When you think Peugeot, you likely think of quirky yet middle-of the road French cars (or, if you're esoterically-minded, perhaps bicycles, scooters, or even pepper grinders). You don’t usually think of supercars – yet that’s exactly what the French automaker has concocted for this year’s Paris Motor Show.Meet the Peugeot Onyx, a vision of a supercar “sculpted using materials processed as little as possible.”
Although its nose vaguely echoes modern Peugeot design language, the car as a whole looks unlike most production Peugeot models. If anything, its chiseled, square nose, wide rear track, and rounded fenders recall the early 905, Peugeot’s prototype racer launched in the early 1990s. A double-bubble roof – fabricated from polycarbonate – is like that used on the swoopy 308 RCZ, but terminates in a mesmerizing wrap-around grille on the rear deck lid.
There are more than a few unusual highlights to the car’s form. An cowl accent, that wraps into the Onyx’s rear-view mirrors, is made from unpainted carbon fiber, giving a hint to the car’s composite-intensive structure. Copper exterior accents, which start at the front fenders and end just aft of the rear doors, are actually fabricated from copper sheeting. And, in case you forgot just what nation could deliver on oddball design like this, blue, white, and red accents on the tip of each mirror serve as a reminder of the Onyx’s Gallic origins.
The most unusual design work is saved for the interior. Peugeot describes the Onyx cabin as a “one-piece pod,” and it’s not an exaggeration. Every surface – including instrument panel, center console, door panels, headliner, and even seats – seamlessly and organically flow into one another. Every surface is trimmed in a unique woven wool felt, save for trim accents on the dashboard and center console. Those are fashioned from a faux wood composite, made by recycling discarded newspapers (or, perhaps discarded PSA stock certificates). You’d think this one-piece, wrap-around cabin would be a bit claustrophobic, but the vast expanses of glass provide plenty of natural light.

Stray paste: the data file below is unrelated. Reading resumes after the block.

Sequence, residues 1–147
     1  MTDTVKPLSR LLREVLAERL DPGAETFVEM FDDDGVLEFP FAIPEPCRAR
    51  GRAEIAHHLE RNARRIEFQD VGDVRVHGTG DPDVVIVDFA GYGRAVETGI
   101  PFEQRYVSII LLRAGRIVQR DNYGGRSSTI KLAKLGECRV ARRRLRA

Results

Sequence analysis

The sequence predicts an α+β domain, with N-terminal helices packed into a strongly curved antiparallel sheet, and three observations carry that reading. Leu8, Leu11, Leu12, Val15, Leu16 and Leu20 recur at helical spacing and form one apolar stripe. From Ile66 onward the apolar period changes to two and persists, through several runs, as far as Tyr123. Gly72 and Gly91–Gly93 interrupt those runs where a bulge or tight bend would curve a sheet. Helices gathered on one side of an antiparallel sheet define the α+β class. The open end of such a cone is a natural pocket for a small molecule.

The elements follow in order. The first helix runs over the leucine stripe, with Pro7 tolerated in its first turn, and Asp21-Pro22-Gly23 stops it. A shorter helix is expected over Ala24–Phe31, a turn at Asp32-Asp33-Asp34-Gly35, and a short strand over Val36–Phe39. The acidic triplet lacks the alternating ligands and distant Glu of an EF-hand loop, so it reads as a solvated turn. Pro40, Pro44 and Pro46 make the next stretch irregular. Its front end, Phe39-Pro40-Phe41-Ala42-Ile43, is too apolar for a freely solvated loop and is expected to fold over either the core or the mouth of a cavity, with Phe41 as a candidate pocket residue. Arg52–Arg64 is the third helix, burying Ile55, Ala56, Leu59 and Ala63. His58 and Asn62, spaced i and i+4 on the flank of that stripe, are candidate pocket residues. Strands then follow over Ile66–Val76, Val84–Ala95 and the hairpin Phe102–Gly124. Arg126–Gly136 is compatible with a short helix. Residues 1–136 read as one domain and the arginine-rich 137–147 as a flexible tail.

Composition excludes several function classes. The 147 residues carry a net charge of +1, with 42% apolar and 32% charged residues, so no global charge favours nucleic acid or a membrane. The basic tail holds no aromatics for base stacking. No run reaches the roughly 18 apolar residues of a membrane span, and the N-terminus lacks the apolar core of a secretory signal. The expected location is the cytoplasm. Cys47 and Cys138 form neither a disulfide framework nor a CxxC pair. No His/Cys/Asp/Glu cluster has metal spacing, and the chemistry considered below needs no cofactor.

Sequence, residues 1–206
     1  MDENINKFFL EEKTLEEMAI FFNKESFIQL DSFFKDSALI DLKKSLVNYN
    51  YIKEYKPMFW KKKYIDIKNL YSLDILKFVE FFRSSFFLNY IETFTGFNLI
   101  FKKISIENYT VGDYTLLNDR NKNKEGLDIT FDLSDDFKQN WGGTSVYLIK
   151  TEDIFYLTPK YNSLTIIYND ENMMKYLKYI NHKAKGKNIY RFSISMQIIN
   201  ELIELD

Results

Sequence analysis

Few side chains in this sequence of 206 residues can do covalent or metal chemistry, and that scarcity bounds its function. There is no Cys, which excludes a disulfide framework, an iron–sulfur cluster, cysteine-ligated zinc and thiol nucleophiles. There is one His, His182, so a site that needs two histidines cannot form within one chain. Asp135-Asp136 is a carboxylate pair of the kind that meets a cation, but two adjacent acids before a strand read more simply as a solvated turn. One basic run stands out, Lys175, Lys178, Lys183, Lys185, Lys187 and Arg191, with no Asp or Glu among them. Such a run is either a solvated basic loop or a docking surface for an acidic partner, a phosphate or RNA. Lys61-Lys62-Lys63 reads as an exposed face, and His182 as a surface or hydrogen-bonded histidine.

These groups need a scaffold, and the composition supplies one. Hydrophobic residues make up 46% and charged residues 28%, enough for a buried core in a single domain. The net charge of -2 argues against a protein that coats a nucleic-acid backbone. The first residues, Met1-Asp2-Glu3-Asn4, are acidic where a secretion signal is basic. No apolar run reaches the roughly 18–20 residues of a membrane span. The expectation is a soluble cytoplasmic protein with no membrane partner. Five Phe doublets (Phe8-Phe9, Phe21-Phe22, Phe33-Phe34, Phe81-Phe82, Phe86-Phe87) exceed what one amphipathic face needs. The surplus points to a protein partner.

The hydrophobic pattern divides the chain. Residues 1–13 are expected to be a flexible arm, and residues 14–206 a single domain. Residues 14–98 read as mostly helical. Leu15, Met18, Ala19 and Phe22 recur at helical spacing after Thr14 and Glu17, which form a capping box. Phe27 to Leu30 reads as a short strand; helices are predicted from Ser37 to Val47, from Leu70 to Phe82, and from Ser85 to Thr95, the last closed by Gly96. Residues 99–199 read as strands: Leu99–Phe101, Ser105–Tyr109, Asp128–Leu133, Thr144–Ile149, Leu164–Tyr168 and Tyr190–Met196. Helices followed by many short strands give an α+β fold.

Much like Peugeot’s Quasar and Proxima concepts of the 1980s – which draped exotic sheetmetal atop mechanicals borrowed from the 205 Turbo 16 rally car – the Onyx borrows its mechanicals from a Peugeot race machine. In this case, the driveline – along with most chassis and suspension components – are ripped from the cancelled 908 hybrid, which would have raced at Le Mans had Peugeot not withdrawn from prototype racing. A twin-turbocharged, 3.7-liter diesel V-8 sends its 600 hp to the rear wheels through a six-speed sequential gearbox. A KERS system recovers energy lost in braking, stores it as electricity in lithium-ion batteries, can provide a brief 80-hp boost.
Like the 908 itself, expect the Onyx to go down in history as little more than a stillborn dream. But hey – if an automaker facing a fickle fiscal situation can dream, why not dream big?